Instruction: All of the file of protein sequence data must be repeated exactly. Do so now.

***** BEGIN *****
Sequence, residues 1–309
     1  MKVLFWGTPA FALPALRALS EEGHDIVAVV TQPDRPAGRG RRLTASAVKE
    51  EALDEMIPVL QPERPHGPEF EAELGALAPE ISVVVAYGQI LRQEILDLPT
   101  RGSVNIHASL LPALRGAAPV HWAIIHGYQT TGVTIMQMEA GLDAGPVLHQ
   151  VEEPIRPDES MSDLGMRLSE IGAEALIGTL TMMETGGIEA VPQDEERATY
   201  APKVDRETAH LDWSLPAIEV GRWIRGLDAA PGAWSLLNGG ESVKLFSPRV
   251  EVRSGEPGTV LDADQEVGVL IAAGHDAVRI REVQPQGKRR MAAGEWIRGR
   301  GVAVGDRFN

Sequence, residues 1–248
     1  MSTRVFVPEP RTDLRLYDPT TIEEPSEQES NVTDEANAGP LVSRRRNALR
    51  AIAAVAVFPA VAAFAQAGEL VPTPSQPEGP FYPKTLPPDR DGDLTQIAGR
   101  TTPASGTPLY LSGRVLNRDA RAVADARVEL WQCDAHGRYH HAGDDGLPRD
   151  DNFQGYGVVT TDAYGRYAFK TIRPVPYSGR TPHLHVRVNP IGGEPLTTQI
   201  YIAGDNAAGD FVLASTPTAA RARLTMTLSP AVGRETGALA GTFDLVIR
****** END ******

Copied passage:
Sequence, residues 1–309
     1  MKVLFWGTPA FALPALRALS EEGHDIVAVV TQPDRPAGRG RRLTASAVKE
    51  EALDEMIPVL QPERPHGPEF EAELGALAPE ISVVVAYGQI LRQEILDLPT
   101  RGSVNIHASL LPALRGAAPV HWAIIHGYQT TGVTIMQMEA GLDAGPVLHQ
   151  VEEPIRPDES MSDLGMRLSE IGAEALIGTL TMMETGGIEA VPQDEERATY
   201  APKVDRETAH LDWSLPAIEV GRWIRGLDAA PGAWSLLNGG ESVKLFSPRV
   251  EVRSGEPGTV LDADQEVGVL IAAGHDAVRI REVQPQGKRR MAAGEWIRGR
   301  GVAVGDRFN

Sequence, residues 1–248
     1  MSTRVFVPEP RTDLRLYDPT TIEEPSEQES NVTDEANAGP LVSRRRNALR
    51  AIAAVAVFPA VAAFAQAGEL VPTPSQPEGP FYPKTLPPDR DGDLTQIAGR
   101  TTPASGTPLY LSGRVLNRDA RAVADARVEL WQCDAHGRYH HAGDDGLPRD
   151  DNFQGYGVVT TDAYGRYAFK TIRPVPYSGR TPHLHVRVNP IGGEPLTTQI
   201  YIAGDNAAGD FVLASTPTAA RARLTMTLSP AVGRETGALA GTFDLVIR